Can I volunteer?
Yes, as long as you are 18 years of age and are a Mayo Clinic patient you are eligible to participate. Please call either 507-293-0203 or our toll-free number 1-866-613-2386 to talk with one of our study staff who can answer your questions or provide you with additional information. You may also contact Biobank staff by email to schedule a time to meet with one of our study staff.
Map of subway and street levels
Where do I go to drop off my materials or meet with study staff?
There are two locations at which you can choose to participate. The first location is Desk SL-A in the Baldwin Subway, near Baldwin Desk SL-B. You will see signs for the Mayo Clinic Biobank by Baldwin Desk SL-B.
The other location is Hilton Desk C-A (near Hilton Desk C). To reach that location, you should walk toward Desk C from the Mayo Building then turn left just before you reach Desk C. You will see signs for the Mayo Clinic Biobank after reaching that point.
What can I expect if I choose to meet with study staff?
An appointment with study staff is available for those who would like to learn more about the Biobank or have questions. During the appointment, the staff member will explain the research project, including the risks and benefits, privacy, and confidentiality. You will be given the opportunity to ask questions about your participation in the study. If you decide to participate, the study staff will ensure that you sign the consent form (PDF) and complete a questionnaire (PDF). Then you will be asked to have your blood drawn near where you met with the coordinator (Hilton Desk C or Baldwin Desk SLB).
What if I choose not to meet with study staff?
You may also choose to participate by mailing in your consent form (PDF) and questionnaire (PDF). Study staff will mail you a blood card and your choice of gift items. If you will be at Mayo Clinic, you may also choose to drop off your consent and questionnaire in person at the Baldwin or Hilton desk, have your blood drawn, and receive your gift at that time.
Will there be a cost?
You will not need to pay for tests and procedures done just for the Biobank. The procedure you will need to have to participate in the Biobank is a blood draw. However, you or your health insurance will need to pay for all tests and procedures that you have as part of your medical care.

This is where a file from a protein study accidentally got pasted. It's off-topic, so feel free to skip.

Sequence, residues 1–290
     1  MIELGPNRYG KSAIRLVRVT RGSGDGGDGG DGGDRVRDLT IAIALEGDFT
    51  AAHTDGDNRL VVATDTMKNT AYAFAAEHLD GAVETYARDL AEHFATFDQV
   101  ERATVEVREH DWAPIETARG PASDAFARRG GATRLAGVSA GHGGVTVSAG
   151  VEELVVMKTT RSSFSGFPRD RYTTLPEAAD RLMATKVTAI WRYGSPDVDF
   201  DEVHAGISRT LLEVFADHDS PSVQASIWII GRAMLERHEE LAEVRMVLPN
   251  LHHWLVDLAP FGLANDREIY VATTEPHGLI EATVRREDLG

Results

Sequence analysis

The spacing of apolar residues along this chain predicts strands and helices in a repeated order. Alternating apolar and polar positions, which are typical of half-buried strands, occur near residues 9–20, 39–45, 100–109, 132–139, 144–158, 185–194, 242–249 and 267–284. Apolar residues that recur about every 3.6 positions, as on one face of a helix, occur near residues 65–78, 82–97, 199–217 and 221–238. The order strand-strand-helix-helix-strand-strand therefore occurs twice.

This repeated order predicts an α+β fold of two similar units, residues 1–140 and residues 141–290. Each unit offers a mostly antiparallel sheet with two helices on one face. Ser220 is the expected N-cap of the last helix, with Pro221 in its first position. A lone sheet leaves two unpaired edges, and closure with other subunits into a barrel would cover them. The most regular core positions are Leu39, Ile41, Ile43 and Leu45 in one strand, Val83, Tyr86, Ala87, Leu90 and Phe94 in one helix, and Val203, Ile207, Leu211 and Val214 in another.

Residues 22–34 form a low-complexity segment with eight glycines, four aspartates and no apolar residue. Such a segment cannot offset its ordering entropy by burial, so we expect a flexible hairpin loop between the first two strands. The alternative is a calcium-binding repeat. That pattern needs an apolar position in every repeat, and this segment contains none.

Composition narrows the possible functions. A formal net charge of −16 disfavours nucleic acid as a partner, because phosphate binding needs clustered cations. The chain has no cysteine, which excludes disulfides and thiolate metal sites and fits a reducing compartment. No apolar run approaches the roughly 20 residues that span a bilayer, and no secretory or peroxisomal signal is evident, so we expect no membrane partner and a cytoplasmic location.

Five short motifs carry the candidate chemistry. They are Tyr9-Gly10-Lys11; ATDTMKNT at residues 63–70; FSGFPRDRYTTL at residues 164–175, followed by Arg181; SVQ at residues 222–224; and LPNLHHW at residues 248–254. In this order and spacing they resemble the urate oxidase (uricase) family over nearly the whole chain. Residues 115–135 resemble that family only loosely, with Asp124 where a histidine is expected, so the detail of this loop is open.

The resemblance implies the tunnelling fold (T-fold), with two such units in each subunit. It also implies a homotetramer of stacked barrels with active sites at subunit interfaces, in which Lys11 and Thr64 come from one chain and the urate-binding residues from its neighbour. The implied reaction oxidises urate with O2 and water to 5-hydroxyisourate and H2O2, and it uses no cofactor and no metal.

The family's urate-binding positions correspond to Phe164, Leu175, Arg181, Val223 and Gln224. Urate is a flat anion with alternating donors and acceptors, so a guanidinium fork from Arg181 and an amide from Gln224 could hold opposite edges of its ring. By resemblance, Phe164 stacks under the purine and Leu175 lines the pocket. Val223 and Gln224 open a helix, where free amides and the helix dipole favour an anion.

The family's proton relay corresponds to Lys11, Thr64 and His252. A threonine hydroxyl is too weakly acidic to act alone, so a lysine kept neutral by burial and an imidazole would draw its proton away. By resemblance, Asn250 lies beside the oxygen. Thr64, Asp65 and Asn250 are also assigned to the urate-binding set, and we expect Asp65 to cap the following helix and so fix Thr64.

Will I be paid?
No. However, when you return the completed questionnaire (PDF), you will receive a choice of one or more items worth a total of $20. These items are in recognition of the time you spent giving a blood sample and filling out the questionnaire.
There is a chance that Mayo Clinic may make money from the use of your donated sample. If that happens, you will not be offered a share of the earnings. As a not-for-profit organization, Mayo Clinic uses all profits from products developed at Mayo to support ongoing research and educational activities.
Can I find out how my sample is being used?
No. You will not be told exactly which studies are using your samples and information. Not all participants' samples will be used for every study. You will be able to get general information about all studies that use the Biobank.
You can find out about the Biobank studies by:
Some of the ways Biobank information will be available to you include the following:
You can decide to stop receiving this information at any time.
Will I find out if researchers discover anything about my health?
Many studies will be performed using samples from the Biobank. During individual studies, researchers could find out important information about your health. They might discover something about your health right now or about your risk of getting sick in the future. Researchers will not discover something about every donor, so you are not guaranteed to receive results.
Since decisions about health and disease are very personal, no one can predict which results donors will want in the future. Therefore, we have set up the Biospecimen Trust Oversight Group, which includes members of the community, to help us decide which results may be helpful to donors and how those results may be returned to donors. Names will not be mentioned during this process. It may be necessary to meet with a health care professional to get test results.